The first ever Storytellers’ Showcase
On May 23, we at 826 Valencia hosted our first ever Storytellers’ Showcase in honor of our 15th anniversary and our biggest book release ever. 250 students, families, volunteers, and other community members joined us at the Strand Theater for merriment, ambrosia, and best of all, to hear our students read and discuss their stunning work.
Before a panel of students took to the stage, our Youth Leadership Advisory Board led activity stations scattered throughout the theater to share wisdom about the qualities of a successful leader. The Strand was abuzz with excitement as guests collaborated with our YLABers to write notes of appreciation, build marshmallow towers, and more, while enjoying food provided by La Palma Mexicatessen and La Victoria Bakery, and browsing the latest 826 publications on display in the lobby. The Showcase also marked the unveiling of the newest Quarterly–number 25!
Upstairs in the Rueff Theater, we celebrated the release of this year’s Young Author’s Book Project, We Are Here, Walking Toward the Unknown. Several selected students read excerpts of their pieces to the peers and volunteers who worked with them on the project for months. Their stories, based on themes in Frankenstein, featured dystopian futures, technology gone awry, and feeling misunderstood. We then presented our YABP partner teacher, Mr. Chow, with our Teacher of the Month award for his incredible work.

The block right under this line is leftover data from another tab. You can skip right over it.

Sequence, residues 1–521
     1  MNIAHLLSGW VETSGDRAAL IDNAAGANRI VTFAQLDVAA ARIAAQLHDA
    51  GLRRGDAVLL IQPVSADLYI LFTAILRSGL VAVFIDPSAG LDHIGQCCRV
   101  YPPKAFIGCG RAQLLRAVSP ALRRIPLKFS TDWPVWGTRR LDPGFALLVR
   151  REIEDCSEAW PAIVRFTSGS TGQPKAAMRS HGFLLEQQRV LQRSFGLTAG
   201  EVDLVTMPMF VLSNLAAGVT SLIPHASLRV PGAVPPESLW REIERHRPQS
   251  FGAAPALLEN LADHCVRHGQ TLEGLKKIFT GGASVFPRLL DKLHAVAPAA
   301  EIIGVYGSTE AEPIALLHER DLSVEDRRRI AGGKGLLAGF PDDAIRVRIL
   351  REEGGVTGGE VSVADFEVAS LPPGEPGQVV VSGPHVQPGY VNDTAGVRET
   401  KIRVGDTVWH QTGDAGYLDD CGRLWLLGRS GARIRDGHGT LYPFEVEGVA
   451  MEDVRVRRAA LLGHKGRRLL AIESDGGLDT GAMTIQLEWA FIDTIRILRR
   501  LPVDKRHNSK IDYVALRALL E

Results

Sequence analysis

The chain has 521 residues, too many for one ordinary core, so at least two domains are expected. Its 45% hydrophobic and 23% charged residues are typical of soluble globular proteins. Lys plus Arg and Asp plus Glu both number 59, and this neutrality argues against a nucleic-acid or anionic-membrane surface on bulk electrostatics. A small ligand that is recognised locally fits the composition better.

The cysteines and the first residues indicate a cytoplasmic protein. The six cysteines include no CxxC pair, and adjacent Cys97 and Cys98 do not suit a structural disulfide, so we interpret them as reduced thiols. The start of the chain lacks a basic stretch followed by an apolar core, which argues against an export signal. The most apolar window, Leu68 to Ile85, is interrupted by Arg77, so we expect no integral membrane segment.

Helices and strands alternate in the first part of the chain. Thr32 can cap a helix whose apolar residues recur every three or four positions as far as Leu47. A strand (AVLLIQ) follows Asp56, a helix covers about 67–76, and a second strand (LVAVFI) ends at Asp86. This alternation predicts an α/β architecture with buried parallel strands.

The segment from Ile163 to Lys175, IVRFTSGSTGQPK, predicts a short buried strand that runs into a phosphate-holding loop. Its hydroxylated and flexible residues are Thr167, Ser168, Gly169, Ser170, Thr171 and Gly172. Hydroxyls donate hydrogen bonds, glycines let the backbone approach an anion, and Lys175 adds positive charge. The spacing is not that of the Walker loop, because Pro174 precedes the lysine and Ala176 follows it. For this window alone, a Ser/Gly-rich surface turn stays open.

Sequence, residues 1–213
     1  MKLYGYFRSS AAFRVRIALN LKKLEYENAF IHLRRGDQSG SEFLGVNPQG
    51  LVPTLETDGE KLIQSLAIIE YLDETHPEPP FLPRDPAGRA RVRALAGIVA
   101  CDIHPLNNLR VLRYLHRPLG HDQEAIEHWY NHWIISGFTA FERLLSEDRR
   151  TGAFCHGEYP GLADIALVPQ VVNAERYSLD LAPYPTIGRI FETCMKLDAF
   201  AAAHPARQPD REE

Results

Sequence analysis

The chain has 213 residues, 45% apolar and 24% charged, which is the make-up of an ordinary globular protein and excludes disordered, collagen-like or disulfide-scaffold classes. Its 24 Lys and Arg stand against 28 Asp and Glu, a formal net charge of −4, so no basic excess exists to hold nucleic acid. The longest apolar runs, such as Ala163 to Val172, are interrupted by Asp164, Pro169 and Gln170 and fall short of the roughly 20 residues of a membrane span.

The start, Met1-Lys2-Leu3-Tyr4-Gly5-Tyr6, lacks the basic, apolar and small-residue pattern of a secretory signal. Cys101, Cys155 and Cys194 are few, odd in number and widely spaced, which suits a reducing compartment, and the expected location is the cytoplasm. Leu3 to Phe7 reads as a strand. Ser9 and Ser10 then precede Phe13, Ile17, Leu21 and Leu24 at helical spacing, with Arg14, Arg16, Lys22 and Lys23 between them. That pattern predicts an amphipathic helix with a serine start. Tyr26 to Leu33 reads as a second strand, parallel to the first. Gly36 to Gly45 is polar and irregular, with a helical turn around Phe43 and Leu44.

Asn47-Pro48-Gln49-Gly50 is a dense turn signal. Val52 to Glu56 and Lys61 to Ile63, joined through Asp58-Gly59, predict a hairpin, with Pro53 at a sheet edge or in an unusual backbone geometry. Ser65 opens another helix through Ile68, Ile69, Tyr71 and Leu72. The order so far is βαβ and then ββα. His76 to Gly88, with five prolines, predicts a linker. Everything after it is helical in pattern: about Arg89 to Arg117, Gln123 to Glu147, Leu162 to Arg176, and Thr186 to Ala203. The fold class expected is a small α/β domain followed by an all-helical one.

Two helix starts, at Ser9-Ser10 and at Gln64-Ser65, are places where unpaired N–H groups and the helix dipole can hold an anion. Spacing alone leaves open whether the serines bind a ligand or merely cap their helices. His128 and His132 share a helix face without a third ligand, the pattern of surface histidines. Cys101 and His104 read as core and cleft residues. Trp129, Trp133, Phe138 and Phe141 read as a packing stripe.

Finally, everyone shuffled into the theater for the main program featuring six young writers from our programs. Each student was introduced by a different community member and then read a piece of their published writing. Max Anders, a teacher at Mission High school, introduced his student Carlos Gomez: “In my ten years of working with high school students in San Francisco, I have only met a handful of students who inspire me like Carlos Gomez. Carlos is quite possibly the kindest and hardest working young man on the planet.” The student readers shared their powerful, whimsical, engaging pieces, including a moving monologue about breast cancer, an article about civil rights in bathrooms, and a poem dedicated to sushi:
Oh the waiting, the waiting,
the waiting for my love, sushi.
The anticipation, the boredom,
are like watching a turtle trying to do a hundred-meter dash.
We capped off the night with three of our students’ parents on stage, sharing letters they had written to their children. There wasn’t a dry eye to be seen and we are so glad we had this opportunity to honor the families we work with every day.
Thank you to everyone who made it to the Showcase, and all of our staff, volunteers, friends, families, and community members who make our work possible. It was a truly magical gathering of the 826 Valencia community!